I explained that Congress thought it governed, but it did not govern because the government could put off a payment and then the inflation ate up the value of what was paid.  On the other hand, this was very confusing.  I undertook to explain all of this to the public.  And I took many months to explain it.  I spoke a great deal on television and on the radio.  We even explained the monetary plan in advance. 


We said, look, we are going to create a kind of hyperinflation.  We will be making daily adjustments of prices and salaries, of everything.  But at the same time we are going to create a kind of virtual money.  A money that has a fixed value.  And you will see then, I said on television, that the prices will be moving.  But calculated in this virtual money, they will  not move at all.  And then, after some time we will convert this virtual money into the national currency.  And this is what we did.  Some people said, the people will not understand, the people will feel lost.  But no, the people understood.  We used the democratic system to implement a change in money, a change in the fiscal regime, a change in the exchange regime, because I believe in democracy.  And the people responded.


HRS:  After the elections of 1994, a group of friends from Brazil and other parts of Latin America commented that you had won on the first round of voting because Lula and the Workers Party never understood how you had managed to lower the inflation, nor did they believe that you could keep it down.  They expected that the Real Plan would fail just as the previous plans had failed.  Democracy won over technocracy.


FHC:  The same thing happened with the recent electricity crisis.  For me it was surprising.  At that time we did not know that this could happen.  I had not been informed of this.  It was a failure of the system of government.  Nor did the Minister of Energy exercise caution with the water reserves.  What happened with a period of drought.  The opposition said there had not been investment.  No, no.  There was a lack of rain.  Then we had to decide what to do.  The first proposal was to have massive blackouts, as has been done in various parts of the world, with each part of the country going two or three hours a day without electricity.  I did not accept this.  Impossible.  It couldn't be done.  How could we cut the electricity for three hours in a city like São Paulo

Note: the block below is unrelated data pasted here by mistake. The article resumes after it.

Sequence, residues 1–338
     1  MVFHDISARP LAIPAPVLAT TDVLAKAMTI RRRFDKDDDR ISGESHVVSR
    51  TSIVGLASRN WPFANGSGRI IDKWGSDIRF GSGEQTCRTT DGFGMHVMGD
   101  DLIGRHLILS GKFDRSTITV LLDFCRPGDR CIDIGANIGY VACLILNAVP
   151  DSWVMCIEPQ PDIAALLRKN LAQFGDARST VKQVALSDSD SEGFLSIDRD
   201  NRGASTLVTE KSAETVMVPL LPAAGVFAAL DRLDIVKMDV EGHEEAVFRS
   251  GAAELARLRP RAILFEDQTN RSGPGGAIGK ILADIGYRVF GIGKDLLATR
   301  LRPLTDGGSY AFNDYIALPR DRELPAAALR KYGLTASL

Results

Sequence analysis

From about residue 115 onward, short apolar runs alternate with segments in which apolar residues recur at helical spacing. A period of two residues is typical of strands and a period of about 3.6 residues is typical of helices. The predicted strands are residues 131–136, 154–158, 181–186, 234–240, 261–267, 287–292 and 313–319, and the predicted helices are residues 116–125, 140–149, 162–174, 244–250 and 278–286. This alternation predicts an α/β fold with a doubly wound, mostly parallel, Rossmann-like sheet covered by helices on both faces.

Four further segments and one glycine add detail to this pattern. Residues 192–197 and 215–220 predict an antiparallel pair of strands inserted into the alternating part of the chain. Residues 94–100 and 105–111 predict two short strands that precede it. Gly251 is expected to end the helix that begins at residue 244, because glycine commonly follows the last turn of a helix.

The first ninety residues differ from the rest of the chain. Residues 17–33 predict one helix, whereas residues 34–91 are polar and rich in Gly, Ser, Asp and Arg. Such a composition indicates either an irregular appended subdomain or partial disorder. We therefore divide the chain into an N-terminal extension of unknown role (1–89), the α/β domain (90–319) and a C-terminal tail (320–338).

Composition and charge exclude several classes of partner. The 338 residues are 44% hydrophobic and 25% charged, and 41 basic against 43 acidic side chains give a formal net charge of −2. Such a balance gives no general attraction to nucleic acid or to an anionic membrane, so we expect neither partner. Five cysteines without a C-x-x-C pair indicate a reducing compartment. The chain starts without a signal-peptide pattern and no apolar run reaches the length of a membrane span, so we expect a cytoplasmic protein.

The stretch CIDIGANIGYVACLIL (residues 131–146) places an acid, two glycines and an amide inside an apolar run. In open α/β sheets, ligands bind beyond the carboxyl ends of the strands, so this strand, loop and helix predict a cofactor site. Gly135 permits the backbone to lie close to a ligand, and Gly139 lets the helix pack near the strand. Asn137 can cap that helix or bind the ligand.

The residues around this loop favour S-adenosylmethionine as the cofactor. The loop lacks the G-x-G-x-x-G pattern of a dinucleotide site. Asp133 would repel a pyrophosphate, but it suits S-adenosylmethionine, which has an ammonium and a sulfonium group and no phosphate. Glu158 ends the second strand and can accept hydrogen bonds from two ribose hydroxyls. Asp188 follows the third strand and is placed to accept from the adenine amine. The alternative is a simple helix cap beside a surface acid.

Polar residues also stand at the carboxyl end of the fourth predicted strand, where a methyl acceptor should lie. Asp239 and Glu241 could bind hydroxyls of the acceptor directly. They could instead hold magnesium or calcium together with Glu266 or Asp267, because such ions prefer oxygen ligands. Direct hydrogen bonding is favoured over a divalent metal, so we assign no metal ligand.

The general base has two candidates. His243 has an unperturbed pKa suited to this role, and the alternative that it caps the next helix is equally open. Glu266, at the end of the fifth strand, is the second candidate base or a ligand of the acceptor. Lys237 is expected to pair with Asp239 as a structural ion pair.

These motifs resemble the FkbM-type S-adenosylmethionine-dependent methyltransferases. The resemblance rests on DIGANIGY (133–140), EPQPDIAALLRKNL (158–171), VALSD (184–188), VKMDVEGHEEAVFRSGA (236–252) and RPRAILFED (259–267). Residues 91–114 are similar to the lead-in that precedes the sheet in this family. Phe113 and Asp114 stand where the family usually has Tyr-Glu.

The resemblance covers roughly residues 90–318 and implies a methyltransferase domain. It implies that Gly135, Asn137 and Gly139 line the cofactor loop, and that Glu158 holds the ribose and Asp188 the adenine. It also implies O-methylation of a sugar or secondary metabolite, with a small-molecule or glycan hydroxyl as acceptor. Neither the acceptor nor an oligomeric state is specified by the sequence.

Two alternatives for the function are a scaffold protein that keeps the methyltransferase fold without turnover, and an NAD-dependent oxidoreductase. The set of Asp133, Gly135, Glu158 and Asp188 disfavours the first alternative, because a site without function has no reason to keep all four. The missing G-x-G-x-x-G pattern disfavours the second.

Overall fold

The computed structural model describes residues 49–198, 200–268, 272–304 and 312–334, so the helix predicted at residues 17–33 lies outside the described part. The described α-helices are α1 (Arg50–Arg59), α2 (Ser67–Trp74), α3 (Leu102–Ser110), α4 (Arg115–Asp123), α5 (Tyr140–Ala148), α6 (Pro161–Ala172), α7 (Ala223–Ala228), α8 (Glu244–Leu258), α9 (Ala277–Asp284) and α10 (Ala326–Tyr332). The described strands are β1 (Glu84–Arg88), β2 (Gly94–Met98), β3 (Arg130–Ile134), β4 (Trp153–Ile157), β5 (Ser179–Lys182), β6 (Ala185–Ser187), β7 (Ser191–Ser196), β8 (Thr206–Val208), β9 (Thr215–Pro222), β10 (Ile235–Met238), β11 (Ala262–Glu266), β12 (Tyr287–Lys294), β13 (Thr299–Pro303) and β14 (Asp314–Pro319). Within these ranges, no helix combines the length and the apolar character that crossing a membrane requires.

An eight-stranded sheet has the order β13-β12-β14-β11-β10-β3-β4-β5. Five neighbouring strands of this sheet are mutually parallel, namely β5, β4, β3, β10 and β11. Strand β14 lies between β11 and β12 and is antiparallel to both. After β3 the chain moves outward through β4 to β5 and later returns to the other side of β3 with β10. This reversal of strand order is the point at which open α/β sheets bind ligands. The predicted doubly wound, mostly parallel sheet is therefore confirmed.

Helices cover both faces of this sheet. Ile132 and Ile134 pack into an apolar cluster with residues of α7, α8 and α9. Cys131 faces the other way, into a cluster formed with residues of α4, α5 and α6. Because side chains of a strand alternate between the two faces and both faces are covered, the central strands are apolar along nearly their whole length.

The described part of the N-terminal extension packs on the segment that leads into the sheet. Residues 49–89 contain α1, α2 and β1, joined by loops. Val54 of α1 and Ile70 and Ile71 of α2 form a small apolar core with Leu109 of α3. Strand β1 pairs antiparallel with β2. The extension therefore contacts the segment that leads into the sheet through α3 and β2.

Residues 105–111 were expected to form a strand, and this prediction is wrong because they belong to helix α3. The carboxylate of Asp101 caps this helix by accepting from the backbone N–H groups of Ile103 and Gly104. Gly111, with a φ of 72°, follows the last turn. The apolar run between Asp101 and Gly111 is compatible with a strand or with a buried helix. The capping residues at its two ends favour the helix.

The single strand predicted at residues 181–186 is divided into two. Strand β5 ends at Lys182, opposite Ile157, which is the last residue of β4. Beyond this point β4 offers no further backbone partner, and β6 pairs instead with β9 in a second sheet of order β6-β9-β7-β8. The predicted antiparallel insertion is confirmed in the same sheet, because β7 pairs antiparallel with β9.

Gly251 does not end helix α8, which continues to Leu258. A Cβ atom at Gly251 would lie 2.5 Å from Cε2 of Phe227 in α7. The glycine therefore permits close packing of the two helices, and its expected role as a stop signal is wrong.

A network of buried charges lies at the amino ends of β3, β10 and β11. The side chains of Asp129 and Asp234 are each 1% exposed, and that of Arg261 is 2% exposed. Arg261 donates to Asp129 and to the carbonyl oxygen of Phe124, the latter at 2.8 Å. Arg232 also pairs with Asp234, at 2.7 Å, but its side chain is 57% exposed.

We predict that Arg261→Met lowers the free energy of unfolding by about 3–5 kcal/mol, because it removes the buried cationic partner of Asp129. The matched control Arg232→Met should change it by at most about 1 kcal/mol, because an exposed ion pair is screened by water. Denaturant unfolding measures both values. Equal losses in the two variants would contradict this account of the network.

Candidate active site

I spoke with other people.  We had to talk to the people, share with them every day all the information we had, what was happening with the water reserves, and what had to be done.  We would ask them to save electricity.  And it worked, we saved an enormous amount of energy.  We never had a blackout, we never shut off electricity, but everyone, including the industries, voluntarily saved electricity.  Of course, we did institute a new pricing system.  Those who saved energy for the people had their electric rates cut.  Those who used more - and they could use more - had to have the money to pay more for it.  This required belief in democracy.  A democracy does not mean that, as president, I have the constitutional right to impose a blackout of electricity.  Yes, I have the right, but I am not going to do it because I believe that the people have to participate in the process.  And this requires that the government has credibility and that there is a free press, which tells the people what is true:  the water was getting better or not better, exactly how much there was.  I believe that to govern today one has to act in this manner.


In the area of social policy that you mentioned, Ruth [Cardoso, his wife] made an experiment with Communidade Solidaria which was not part of the government, but a part of civil society, and the government created mechanisms to take advantage of it.  What we did was increase the participation of society in the entire process of social change.  To really believe that the people can understand and act and be responsible, this requires that the government, the state, to use Gramsci's expression, becomes more porous, that it allows society to enter into it.  The clearest example of this is with the struggle against HIV/AIDS in Brazil, which was an international success.  Why?  Because it was the non-governmental groups, made up of people who had AIDS or HIV, who occupied positions within the Ministry of Health, and who controlled and mobilized these programs.  This worked.